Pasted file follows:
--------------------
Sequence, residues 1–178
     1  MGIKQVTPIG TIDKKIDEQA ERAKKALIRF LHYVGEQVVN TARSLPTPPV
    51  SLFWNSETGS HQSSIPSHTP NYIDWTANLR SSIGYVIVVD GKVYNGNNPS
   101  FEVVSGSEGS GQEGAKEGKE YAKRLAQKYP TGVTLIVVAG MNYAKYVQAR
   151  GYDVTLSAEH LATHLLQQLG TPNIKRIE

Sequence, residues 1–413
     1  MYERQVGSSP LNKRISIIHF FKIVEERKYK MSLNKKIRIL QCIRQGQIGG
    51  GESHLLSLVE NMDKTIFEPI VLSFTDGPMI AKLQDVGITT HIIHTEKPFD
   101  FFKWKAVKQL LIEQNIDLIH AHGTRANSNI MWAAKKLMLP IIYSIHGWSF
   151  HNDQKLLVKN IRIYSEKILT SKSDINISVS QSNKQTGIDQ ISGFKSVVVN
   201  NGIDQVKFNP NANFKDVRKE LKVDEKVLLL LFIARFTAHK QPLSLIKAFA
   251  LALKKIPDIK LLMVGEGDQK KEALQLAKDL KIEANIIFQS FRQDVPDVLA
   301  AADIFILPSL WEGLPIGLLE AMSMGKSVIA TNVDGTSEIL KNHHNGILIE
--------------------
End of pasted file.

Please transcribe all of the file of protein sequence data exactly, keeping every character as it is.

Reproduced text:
Sequence, residues 1–178
     1  MGIKQVTPIG TIDKKIDEQA ERAKKALIRF LHYVGEQVVN TARSLPTPPV
    51  SLFWNSETGS HQSSIPSHTP NYIDWTANLR SSIGYVIVVD GKVYNGNNPS
   101  FEVVSGSEGS GQEGAKEGKE YAKRLAQKYP TGVTLIVVAG MNYAKYVQAR
   151  GYDVTLSAEH LATHLLQQLG TPNIKRIE

Sequence, residues 1–413
     1  MYERQVGSSP LNKRISIIHF FKIVEERKYK MSLNKKIRIL QCIRQGQIGG
    51  GESHLLSLVE NMDKTIFEPI VLSFTDGPMI AKLQDVGITT HIIHTEKPFD
   101  FFKWKAVKQL LIEQNIDLIH AHGTRANSNI MWAAKKLMLP IIYSIHGWSF
   151  HNDQKLLVKN IRIYSEKILT SKSDINISVS QSNKQTGIDQ ISGFKSVVVN
   201  NGIDQVKFNP NANFKDVRKE LKVDEKVLLL LFIARFTAHK QPLSLIKAFA
   251  LALKKIPDIK LLMVGEGDQK KEALQLAKDL KIEANIIFQS FRQDVPDVLA
   301  AADIFILPSL WEGLPIGLLE AMSMGKSVIA TNVDGTSEIL KNHHNGILIE